MagSafe modifier and a travel stand
As the Mobile Mac guy here at Macworld, I see many products designed to improve on-the-go computing. Some are interesting and useful, others are just interesting, and still others remind me of a Billy Crystal movie line from 1989: "Why is this necessary in life?" But it's not always each to tell which is which, especially at first glance. In today's column, I cover a couple simple accessories that puzzled me at first, but that I actually found to be useful after some hands-on time.
ThoughtOut MagStay Pro
Apple’s MagSafe connector—the magnetic power connector used on recent Mac laptops—has gotten plenty of (deserved) praise. The simple but ingenious design, which lets the power cable quickly disconnect under even moderate pressure, avoids many of the power-jack disasters experienced with traditional power connectors.
So it’s a bit ironic that a good number of Mac users have complained about the MagSafe connector for being too easy to disconnect. But to be fair, I can understand these comments: When I’m using my MacBook Pro at home, the power cable detaches with the slightest brush against the arm of the couch. It’s also an issue when using a MagSafe-equipped laptop in bed; blankets and comforters seem to take pleasure in disconnecting the cable.
ThoughtOut is aiming for a middle ground with the $12 MagStay Pro. This simple gadget, designed for 15-inch and 17-inch MacBook Pro models, is essentially an anti-Mag-Safe adapter for the MagSafe connector. It anchors itself into the left-hand USB port on these MacBook Pro models and provides a rigid sheath around the MagSafe jack that prevents your MagSafe cable from disconnecting unless you pull perpendicularly; a slight angular tug will no longer pop out the connector instantly. (To avoid strain on the MagSafe cable/connector joint when purposely unplugging, I recommend pulling out the MagStay Pro first, then pulling the MagSafe connector itself, rather than by just pulling the cable.) A small hole in the top of the MagStay Pro lets you see the LED status light on the MagSafe connector, and you can thread the MagSafe connector through the MagStay Pro, storing the latter on your power cable.
It's a neat idea that works pretty well. On the other hand, there are a couple caveats. The first is that the MagStay Pro takes up a USB port. However, considering that the MagStay Pro is designed for use in situations where you’re unlikely to be using several USB peripherals—on a couch, in bed, etc.—I don’t think this is too big of an issue.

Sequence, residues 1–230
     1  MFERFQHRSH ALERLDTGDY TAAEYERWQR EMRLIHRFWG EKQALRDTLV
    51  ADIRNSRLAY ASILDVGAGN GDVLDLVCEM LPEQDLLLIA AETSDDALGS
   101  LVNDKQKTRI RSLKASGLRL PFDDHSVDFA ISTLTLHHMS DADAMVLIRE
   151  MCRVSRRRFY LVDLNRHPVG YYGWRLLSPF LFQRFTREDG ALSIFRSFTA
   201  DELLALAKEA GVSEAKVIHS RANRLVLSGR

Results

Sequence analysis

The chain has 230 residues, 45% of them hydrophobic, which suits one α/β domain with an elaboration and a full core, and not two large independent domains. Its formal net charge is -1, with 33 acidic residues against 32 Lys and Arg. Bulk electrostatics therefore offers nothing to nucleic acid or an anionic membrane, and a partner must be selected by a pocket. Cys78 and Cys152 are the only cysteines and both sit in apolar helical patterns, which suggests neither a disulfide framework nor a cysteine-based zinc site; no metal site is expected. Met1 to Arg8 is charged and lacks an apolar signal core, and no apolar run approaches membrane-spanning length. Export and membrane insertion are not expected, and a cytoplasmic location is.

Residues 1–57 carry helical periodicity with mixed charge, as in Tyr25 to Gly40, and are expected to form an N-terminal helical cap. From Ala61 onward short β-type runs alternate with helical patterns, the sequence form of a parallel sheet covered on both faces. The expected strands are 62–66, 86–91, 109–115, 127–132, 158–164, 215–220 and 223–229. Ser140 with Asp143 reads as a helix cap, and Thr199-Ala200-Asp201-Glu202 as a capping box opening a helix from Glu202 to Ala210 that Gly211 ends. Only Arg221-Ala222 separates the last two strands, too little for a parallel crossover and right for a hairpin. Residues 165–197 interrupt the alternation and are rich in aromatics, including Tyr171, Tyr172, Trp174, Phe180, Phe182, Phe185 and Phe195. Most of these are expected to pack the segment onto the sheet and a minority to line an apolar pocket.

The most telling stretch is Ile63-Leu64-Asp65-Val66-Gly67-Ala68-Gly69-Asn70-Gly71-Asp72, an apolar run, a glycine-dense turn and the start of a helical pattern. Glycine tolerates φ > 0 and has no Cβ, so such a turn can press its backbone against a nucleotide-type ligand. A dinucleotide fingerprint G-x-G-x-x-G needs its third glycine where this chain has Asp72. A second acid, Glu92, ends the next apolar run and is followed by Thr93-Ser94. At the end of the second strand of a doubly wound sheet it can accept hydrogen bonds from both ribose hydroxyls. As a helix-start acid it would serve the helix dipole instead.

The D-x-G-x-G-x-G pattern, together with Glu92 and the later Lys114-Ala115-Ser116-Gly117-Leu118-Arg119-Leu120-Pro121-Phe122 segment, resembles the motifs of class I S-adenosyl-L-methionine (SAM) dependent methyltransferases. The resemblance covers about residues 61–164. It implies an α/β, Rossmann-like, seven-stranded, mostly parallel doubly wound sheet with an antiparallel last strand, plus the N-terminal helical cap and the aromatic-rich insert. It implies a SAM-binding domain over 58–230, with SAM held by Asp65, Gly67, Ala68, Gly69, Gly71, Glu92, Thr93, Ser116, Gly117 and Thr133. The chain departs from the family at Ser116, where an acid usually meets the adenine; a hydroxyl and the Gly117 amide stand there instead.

The other consideration is, of course, that by using the MagStay Pro, you’re giving up the advantages of the MagSafe connector (or at least transferring the risk of a cable-yanking accident from the power jack to one of your USB ports). So it’s not something you want to use all the time; just in those situations I mentioned above.
BTI Laptop Travel Stand
I’ve covered a number of laptop stands in the past, but most are for using your notebook on a desk. BTI’s $25 Laptop Travel Stand, on the other hand, is for using your laptop on the go; specifically, on an airline tray table. While that may seem like a niche within a niche—a laptop stand designed to work on one particular surface—the Travel Stand is well-suited for the task.
The ergonomic idea behind the stand is that in situations where your laptop is positioned higher than your hands—say, on an airline tray table—you want the back of the laptop raised so that the keyboard is parallel to your forearms; in other words, so you bend your elbows rather than your wrists. The Laptop Travel Stand, a 4-ounce plastic stand with non-skid pads that folds up into a fairly compact package, positions your laptop keyboard at approximately this angle by raising the back of the laptop about three inches (the front is raised by about one inch). This has the added advantages of raising the laptop’s screen to a much better height, ergonomically speaking, and keeping your laptop cooler thanks to increased airflow underneath.
The stand’s other unique feature is that by protruding over the front of the tray table, the stand lets you position your laptop, securely, two inches closer to you—which means two inches further from the seat in front of you, making it easier to use larger laptops in cramped airline seats (and, hopefully, reducing the chance of damage if the person in front of you suddenly reclines his or her seat).
I took advantage of a couple plane flights during a recent vacation to give the Laptop Travel Stand a try; it turned out to be a cleverly-designed accessory that works pretty well. Although like the MagStay Pro, above, it also has a couple drawbacks. The first is that the two “arms” that hold your notebook in the front stick out about three-quarters of an inch beyond the front edge of the notebook. Although you can choose to position these arms as close together or as far apart as you prefer—the best for me was completely together, so they were just in front of my MacBook Air’s trackpad, with a hand on each side—they can still get in the way a bit. The second is that if you’re using a thin laptop, such as the MacBook Air, the L-shaped supports at the end of each arm—designed to keep your laptop from sliding off the stand—are much longer than the laptop is thick, so you end up with large, plastic “nubs” sticking up and potentially getting in your way. (Again, for me, positioning the two front arms together in the middle minimized the problem, although I occasionally hit these supports with my thumbs while using the trackpad.)
I also found the Laptop Travel Stand to work well on hotel desks, which tend to be laptop-unfriendly thanks to being too high relative to your chair.